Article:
Sarah Winman’s Tin Man is not the kind of book you simply put down at the end of a reading session before getting on with your life.
If the buzz is to be believed, she’s crafted a tear-jerker for the ages. It’s a simultaneously epic and intimate tale about the past and present love shared by two men; one is an aspiring artist forced to work in an car factory and the other is married to a woman with whom he has built an entirely new life. As their love triangle unfolds, Winman explores what happens when we shut out those closest to us with the book’s title serving as a thematic reference to the character of the same name in The Wizard of Oz.
This past summer, North American audiences were introduced to the equally eccentric and poignant writing of Sayaka Murata, whose acclaimed novel, Convenience Store Woman, was translated to English and released by Grove Press . Though she’s written 10 books since 2005, Convenience Store Woman marks the first time one of Murata’s novels has reached audiences in Canada and the United States. With that in mind, the book may be the perfect introduction to Murata, whose penchant for making the ordinary and the mundane seem extraordinary has been thoroughly praised by critics in the months following its release.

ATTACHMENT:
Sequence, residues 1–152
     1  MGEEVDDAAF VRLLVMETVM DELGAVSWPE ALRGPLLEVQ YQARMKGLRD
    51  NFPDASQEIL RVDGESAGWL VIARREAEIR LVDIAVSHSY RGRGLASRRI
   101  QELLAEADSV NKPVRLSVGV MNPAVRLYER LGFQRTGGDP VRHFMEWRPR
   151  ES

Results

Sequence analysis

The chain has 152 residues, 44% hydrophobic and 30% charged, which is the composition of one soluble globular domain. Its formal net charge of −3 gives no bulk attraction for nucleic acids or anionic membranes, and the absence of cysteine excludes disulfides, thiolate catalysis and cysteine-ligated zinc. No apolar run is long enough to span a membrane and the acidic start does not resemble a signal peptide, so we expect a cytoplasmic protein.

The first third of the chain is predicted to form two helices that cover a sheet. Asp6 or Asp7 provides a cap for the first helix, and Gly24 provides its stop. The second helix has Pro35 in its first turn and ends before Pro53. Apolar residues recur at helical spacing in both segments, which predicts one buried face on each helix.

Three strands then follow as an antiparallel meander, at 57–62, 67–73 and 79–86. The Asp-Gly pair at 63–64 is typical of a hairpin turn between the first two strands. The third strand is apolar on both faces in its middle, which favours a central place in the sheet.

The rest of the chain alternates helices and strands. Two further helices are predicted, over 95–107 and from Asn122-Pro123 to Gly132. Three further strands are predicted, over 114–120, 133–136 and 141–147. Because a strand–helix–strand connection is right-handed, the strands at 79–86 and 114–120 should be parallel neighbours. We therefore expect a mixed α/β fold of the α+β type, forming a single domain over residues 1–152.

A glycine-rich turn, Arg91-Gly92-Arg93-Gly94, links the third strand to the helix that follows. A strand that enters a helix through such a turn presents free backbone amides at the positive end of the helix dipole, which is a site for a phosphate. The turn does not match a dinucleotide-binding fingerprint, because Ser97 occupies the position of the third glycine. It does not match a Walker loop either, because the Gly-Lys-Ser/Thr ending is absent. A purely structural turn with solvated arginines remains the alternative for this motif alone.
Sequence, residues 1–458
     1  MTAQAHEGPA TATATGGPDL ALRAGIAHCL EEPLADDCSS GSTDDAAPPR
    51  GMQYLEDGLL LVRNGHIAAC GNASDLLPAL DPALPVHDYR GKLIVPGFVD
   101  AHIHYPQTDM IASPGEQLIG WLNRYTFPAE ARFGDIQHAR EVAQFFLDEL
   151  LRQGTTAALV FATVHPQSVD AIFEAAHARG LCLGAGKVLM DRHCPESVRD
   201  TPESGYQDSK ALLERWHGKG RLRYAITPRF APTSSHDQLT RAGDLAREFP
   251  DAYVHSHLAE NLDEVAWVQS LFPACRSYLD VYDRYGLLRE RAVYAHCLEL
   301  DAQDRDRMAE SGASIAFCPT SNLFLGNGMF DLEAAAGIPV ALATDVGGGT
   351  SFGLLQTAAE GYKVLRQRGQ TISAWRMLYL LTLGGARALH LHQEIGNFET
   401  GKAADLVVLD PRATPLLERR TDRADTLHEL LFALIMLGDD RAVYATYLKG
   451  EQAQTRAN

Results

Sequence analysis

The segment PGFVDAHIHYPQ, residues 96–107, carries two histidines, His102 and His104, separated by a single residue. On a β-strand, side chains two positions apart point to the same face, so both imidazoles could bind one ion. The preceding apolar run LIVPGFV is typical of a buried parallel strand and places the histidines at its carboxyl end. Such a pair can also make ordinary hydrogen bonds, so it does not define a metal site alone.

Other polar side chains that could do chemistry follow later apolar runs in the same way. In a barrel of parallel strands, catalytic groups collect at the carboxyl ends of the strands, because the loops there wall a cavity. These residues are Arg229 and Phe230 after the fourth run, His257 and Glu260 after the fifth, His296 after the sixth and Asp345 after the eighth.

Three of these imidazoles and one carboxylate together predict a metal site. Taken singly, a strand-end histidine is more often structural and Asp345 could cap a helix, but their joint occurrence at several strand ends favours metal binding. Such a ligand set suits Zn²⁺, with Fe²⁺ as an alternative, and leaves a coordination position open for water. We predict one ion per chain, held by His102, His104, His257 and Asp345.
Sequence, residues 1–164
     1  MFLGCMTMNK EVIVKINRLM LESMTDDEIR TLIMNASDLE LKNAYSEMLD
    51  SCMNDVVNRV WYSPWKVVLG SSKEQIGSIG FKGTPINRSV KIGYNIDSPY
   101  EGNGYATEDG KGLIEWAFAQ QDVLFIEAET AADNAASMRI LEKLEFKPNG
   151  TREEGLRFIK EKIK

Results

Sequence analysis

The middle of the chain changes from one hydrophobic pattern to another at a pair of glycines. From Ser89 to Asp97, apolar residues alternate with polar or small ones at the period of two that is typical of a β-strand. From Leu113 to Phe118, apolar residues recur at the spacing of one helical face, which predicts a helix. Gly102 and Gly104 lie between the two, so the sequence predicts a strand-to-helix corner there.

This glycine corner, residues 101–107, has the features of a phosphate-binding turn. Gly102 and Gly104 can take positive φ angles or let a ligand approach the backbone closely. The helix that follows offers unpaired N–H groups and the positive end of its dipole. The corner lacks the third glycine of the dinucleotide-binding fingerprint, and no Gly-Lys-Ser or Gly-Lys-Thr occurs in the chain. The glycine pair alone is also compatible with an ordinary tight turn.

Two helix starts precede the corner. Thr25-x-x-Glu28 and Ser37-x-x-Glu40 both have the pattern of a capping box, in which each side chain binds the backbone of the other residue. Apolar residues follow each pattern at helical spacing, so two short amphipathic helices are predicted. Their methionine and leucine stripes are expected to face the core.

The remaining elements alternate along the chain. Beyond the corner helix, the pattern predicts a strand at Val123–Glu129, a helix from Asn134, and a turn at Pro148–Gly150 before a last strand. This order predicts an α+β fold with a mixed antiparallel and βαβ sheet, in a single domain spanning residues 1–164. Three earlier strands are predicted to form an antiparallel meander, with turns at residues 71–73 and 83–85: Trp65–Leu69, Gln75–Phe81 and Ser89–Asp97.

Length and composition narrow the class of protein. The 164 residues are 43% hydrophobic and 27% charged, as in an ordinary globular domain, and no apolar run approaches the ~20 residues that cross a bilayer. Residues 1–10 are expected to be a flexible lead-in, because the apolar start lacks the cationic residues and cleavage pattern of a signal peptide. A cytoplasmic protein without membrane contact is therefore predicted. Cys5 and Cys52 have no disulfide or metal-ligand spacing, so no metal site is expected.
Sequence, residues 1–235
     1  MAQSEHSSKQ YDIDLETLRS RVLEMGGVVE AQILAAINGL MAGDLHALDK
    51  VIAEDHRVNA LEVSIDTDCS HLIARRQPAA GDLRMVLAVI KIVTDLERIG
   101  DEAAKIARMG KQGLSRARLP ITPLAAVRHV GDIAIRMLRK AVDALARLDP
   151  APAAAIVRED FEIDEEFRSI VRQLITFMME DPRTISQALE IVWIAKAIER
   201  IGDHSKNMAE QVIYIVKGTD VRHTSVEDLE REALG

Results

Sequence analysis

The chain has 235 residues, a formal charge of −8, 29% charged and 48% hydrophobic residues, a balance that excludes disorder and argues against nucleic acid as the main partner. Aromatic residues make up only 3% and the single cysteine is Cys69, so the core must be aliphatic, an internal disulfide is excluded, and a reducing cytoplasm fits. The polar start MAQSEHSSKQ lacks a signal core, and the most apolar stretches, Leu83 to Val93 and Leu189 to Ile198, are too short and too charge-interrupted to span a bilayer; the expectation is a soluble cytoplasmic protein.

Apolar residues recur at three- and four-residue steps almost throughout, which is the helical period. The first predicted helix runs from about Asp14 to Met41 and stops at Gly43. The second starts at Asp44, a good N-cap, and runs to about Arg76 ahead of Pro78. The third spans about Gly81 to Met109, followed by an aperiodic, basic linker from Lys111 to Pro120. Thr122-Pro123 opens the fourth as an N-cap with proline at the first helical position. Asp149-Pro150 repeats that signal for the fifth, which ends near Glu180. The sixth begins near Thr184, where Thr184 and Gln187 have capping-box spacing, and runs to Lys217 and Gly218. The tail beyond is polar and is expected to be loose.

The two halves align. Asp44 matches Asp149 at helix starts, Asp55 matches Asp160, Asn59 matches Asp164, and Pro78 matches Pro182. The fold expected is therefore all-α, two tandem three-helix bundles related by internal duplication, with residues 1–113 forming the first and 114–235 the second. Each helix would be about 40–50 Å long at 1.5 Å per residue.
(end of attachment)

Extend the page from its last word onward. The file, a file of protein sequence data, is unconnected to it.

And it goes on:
Eden Robinson burst onto the scene in major way with 1995’s Traplines, a relentlessly bleak collection of short stories focused on the violent and twisted relationships of their troubled narrators. The book would go on to win the the Winifred Holtby Prize for the best first work of fiction and in its darkness readers found a beating heart uniquely attuned to a set of experiences they couldn’t read about anywhere else. After all, Eden Robinson was one of the the first Haisla writers to have ever published a novel.
In 2018, we profiled some of the authors who participated in the 39th edition of the Festival. After this profile was published, Esi Edugyan won the 2018 Scotiabank Giller Prize for Washington Black which made her the first author to win the prize for back-to-back titles.
2011’s Half-Blood Blues announced Esi Edugyan as one of Canada’s top writing talents; earning nominations for the Rogers Writers’ Trust Fiction Prize, the Governor General’s Literary Award for English language fiction and the Man Booker Prize; and winning the Scotiabank Giller Prize all in the same year. The book’s incredible success marked a new chapter in Edugyan’s career following an arduous struggle to secure a publishing deal for a since-abandoned novel that she originally planned on writing after The Second Life of Samuel Tyne, her 2004 debut.